Citizens' observatories[[See http://ec.europa.eu/research/environment/index_en.cfm?pg=earth for more information about previously EU funded Citizens' Observatories activities
]] are community-based environmental monitoring and information systems which build on innovative and novel Earth observation applications embedded in portable or mobile personal devices. Thanks to the vast array of ubiquitous information and data they can provide, citizens' observatories can enable authorities to obtain evidence and inform environmental policy making, complementing more authoritative in-situ observation and monitoring networks and systems with a very positive cost-benefit ratio.
Citizens are also provided with new opportunities to address environmental issues affecting them and to influence local decision making. Social innovation can be achieved through these novel partnerships which involve the private and public sector, NGOs and citizens, offering new business opportunities for SMEs in the fields of Earth observation and mobile technologies.
These activities are, however, at an early stage and still largely rely on research funding. Risks and opportunities still have to be explored, which requires a comprehensive analysis of their full potential and applicability. There is a need to create a citizens' observatories knowledge base in Europe across disciplines to avoid duplication, ensure interoperability, create synergies and facilitate its gradual uptake by environmental authorities. With an increasing number of citizen-based initiatives, a coordinated approach for the integration of citizens' observations is becoming necessary in Earth observation systems at local, regional and also global level.Scope:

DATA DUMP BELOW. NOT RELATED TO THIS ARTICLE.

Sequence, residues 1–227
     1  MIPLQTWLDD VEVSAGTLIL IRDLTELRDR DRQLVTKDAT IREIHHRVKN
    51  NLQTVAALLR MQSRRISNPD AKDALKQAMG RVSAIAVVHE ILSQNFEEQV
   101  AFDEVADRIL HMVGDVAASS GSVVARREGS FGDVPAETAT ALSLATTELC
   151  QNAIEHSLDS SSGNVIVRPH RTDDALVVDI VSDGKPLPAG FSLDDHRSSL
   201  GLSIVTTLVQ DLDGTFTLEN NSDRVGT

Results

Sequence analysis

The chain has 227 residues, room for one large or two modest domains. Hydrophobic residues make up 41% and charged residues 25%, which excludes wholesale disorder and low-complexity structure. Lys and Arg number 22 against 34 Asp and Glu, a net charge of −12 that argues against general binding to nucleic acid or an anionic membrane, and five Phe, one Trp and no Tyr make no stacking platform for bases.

This action should bring environmental citizens' observatories and related communities together with existing relevant activities to benchmark and pinpoint best practices, identify barriers and synergies, promote standards, facilitate integration and stronger cooperation solutions, and stimulate a gradual uptake by public authorities of these new technological and methodological approaches. Relevant issues such as technologies and methodologies for engaging citizens, social innovation opportunities, sustainability approaches including the role of the European private sector, especially SMEs, as well as data management and interoperability of platforms should be addressed. A coherent approach should also be taken to ensuring the delivery and uptake of in-situ data and information coming from citizens observatories through GEOSS and Copernicus. Hence, proposals should include a broad range of stakeholders, including public bodies, private sector representatives, research institutions – including from social sciences and humanities – NGOs and citizens' associations.
To address these points effectively, social science research tools and methods will be required.
The Commission considers that proposals requesting a contribution from the EU in the range of EUR 1 million would allow this specific challenge to be addressed appropriately. Nonetheless, this does not preclude submission and selection of proposals requesting other amounts. Up to one action shall be funded.Expected Impact:
The project results are expected to contribute to: